1. Commentaries are considered “serious biblical interpretation” and granted much authority, probably more than monographs.
2. Most commentaries are still written by men.
Consider the Hermeneia series, a top commentary series. Of the 42 volumes in print on the Old Testament and New Testament, there are 0 female authors in OT and 1 in NT (Adela Collins on Mark). Judges is co-written by Mark Smith and Elizabeth Bloch-Smith, with Bloch-Smith listed second though her last name starts with B, which precedes M in the alphabet.
Taylor and Schroeder go on to celebrate that those students now know that female commentators exist and we celebrate that Voices adds to that chorus. As they say: “[That] female ministry student, after learning she had foremothers who interpreted Scripture, is now able to see herself as part of a worthy tradition. We wrote Voices Long Silenced to honor the contributions of our female predecessors and to inspire and challenge our 21st century readers” (268).
Possible Questions for Discussion
1. In ch. 5, “A Fire Shut up in my Bones: the Long 19th Century,” you start with preachers, then reformers, then academics and then move to those who, informed by academics, wrote popularly. You then do the same thing for the modern era, moving from the preachers, reformers, and academics to influencers, such as the late Rachel Held Evans and Nadia Bolz Weber. More than once you speak about how the work of female academics doesn’t end up reaching many people and encouraging us to think about how we could reach a wider audience with our transformative scholarship. I agree. How might we achieve that?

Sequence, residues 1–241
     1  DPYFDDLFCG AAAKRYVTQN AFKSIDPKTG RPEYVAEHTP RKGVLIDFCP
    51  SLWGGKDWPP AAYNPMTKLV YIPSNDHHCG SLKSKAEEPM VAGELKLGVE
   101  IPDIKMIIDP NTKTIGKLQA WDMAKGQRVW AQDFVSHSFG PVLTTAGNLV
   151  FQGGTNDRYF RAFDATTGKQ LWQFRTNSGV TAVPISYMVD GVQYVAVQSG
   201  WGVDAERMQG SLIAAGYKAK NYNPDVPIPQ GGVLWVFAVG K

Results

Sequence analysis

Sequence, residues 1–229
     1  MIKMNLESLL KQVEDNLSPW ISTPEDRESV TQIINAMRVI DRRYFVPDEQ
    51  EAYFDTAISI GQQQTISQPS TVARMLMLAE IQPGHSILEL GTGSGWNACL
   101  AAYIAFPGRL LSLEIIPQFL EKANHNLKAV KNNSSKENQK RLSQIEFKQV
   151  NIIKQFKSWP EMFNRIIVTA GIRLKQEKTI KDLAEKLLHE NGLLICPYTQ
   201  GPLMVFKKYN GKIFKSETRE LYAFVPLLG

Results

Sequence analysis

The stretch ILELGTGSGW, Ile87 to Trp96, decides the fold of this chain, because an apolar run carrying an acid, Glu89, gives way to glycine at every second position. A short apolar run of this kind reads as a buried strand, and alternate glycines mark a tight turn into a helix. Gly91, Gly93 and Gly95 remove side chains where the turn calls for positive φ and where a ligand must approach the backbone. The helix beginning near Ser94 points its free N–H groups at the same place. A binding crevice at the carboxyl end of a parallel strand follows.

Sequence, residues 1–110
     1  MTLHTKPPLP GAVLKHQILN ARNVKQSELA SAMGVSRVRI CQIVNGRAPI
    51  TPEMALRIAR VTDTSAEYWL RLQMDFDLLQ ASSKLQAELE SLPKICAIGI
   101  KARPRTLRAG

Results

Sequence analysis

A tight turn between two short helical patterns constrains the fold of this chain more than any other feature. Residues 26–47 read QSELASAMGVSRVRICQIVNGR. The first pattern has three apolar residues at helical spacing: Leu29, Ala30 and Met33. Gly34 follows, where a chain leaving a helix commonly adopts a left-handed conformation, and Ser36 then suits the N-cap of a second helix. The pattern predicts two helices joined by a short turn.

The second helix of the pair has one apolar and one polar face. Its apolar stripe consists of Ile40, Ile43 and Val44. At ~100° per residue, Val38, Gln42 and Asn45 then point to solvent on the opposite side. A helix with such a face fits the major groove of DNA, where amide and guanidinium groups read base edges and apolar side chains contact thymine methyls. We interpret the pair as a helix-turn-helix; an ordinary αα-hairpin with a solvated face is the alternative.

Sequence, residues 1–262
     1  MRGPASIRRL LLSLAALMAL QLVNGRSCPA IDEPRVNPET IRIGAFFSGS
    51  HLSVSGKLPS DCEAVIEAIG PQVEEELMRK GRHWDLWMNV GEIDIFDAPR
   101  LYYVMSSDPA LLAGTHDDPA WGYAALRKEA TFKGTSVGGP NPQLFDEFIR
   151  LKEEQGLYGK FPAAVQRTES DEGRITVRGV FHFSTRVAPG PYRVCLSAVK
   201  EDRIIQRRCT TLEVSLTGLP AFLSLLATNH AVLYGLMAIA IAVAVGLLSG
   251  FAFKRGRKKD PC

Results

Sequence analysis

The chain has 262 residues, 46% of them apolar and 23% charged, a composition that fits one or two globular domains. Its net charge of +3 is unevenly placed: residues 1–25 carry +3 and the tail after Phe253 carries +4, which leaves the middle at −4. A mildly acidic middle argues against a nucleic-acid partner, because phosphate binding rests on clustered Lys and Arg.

2. You are excellent at collaboration. How might you collaborate with others to get the insights of Voices onto a website? You could include art images, music scores, links to primary texts, charts, handouts. I said earlier I was curious about how you chose what to include or leave out. It made me wonder if such a website could house what you had to leave out. It would be wonderful to view some of the art of the artists you include in the book.
3. I’ll now ask a question that no one should ask people who have just spent a decade on a project and produced a gem of scholarship: “What’s next?” I ask because I’m curious whether you are done with this topic and passing on the mantle or do you each have something separate or combined you will do that’s a next step for you on this topic?
4. What’s a next piece that you wish other Biblical or more specifically, New Testament scholars, would attend to?
Taylor and Schroeder end with stories about students so I will too. I recently received this email from a student who is new to seminary and comes from a tradition that does not ordain women. She is eager and invested and often stays after class.
“I have a basic question: is there a book about how to overcome the fears that the patriarchy instills in women, such as the fear of going to hell if we break with patriarchal ways of thinking and stuff like that? I would like to eradicate the fear that I'll lose my faith or that I'll lose Jesus somehow, if I address God the Father as Mother sometimes. I'm sure that someone has written on this subject, and that I'm not the only woman who has wrestled with the process of letting go of patriarchal ideas. Is not the idea of a punitive God who will throw us into hell for thinking or saying the wrong thing also rooted in patriarchy?”
A book? One? Yes, I think I can help with that. [Hold up a copy of Voices].
This is the kind of book that will bring out the emotion in the most apathetic among us. To inspire the next generation by not only claiming, but also showing for hundreds of pages in a row the transformative power of serious scholarly work is no small feat. You aimed to “connect readers with a lost tradition of women’s interpretation.” You’ve succeeded. By doing so, you’ve given us cause to celebrate and called us to join the continuing work of recovering and amplifying Voices Long Silenced. We are in your debt.
 Story used with student’s permission.
Link to Women in the Bible: